Origin of ignorant
Examples from the Web for ignorantly
Yet Shapiro ignorantly, politically insists that “no one knows what demons plagued Hoffman.”Everything Is Politics to the Right, Even Philip Seymour Hoffman’s Death|James Poulos|February 11, 2014|DAILY BEAST
If we produce a great inventor we are ignorantly proud of him.Health, Happiness, and Longevity|Louis Philippe McCarty
It was doubtless from some sad experience in ignorantly attempting to put fetters on it.Inventions in the Century|William Henry Doolittle
Why it was thought "great medicine" and ignorantly worshipped, the pale-face student of magic and religion could not understand.The Works of Robert Louis Stevenson - Swanston Edition|Robert Louis Stevenson
She had ignorantly attempted to maintain the Christian faith by the most shameful denial of Christian practice.Notes on the Book of Deuteronomy, Volume II|Charles Henry Mackintosh
I hope so, Cummins—we are anxious that you should see the errors of the creed you so ignorantly profess, and abandon them.Valentine M'Clutchy, The Irish Agent|William Carleton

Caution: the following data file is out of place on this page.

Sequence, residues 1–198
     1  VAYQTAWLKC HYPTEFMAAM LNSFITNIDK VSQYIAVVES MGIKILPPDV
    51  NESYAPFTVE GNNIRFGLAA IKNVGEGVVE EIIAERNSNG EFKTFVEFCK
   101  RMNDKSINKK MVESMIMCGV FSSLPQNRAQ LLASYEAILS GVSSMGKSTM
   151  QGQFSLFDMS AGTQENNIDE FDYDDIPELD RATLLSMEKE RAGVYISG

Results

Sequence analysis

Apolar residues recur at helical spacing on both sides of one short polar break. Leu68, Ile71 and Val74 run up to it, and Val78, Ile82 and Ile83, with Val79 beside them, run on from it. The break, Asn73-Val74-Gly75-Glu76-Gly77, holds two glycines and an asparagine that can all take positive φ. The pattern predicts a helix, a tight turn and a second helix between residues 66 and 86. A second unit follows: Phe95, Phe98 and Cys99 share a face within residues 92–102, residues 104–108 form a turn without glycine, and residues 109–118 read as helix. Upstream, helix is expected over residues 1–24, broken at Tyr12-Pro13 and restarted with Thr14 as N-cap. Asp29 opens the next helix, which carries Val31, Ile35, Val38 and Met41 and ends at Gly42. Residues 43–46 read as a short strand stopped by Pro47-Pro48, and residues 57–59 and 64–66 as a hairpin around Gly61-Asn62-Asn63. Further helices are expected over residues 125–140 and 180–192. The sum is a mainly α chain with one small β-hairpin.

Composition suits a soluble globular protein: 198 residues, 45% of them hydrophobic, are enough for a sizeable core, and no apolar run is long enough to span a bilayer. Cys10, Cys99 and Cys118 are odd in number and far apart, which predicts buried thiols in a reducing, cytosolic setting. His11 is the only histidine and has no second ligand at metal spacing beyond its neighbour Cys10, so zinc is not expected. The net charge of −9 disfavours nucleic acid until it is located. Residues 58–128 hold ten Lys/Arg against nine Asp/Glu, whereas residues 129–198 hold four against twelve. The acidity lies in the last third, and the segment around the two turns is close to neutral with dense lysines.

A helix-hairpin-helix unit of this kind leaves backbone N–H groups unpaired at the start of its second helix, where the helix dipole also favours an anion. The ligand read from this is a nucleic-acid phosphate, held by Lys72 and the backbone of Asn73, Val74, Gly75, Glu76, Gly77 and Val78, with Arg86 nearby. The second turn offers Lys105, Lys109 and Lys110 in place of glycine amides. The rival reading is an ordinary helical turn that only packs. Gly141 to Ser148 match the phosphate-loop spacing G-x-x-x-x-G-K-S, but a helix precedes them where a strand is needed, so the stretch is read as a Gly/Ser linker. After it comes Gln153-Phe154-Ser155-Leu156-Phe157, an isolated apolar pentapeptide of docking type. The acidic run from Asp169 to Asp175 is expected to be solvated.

British Dictionary definitions for ignorantly
Word Origin and History for ignorantly
late 14c., from Old French ignorant (14c.), from Latin ignorantia, from ignorantem (nominative ignorans), present participle of ignorare "not to know, to be unacquainted; mistake, misunderstand; take no notice of, pay no attention to," from assimilated form of in- "not, opposite of" (see in- (1)) + Old Latin gnarus "aware, acquainted with" (cf. Classical Latin noscere "to know," notus "known"), from Proto-Latin suffixed form *gno-ro-, related to gnoscere "to know" (see know).
Form influenced by Latin ignotus "unknown." Cf. also uncouth. Colloquial sense of "ill-mannered" first attested 1886. As a noun meaning "ignorant person" from mid-15c.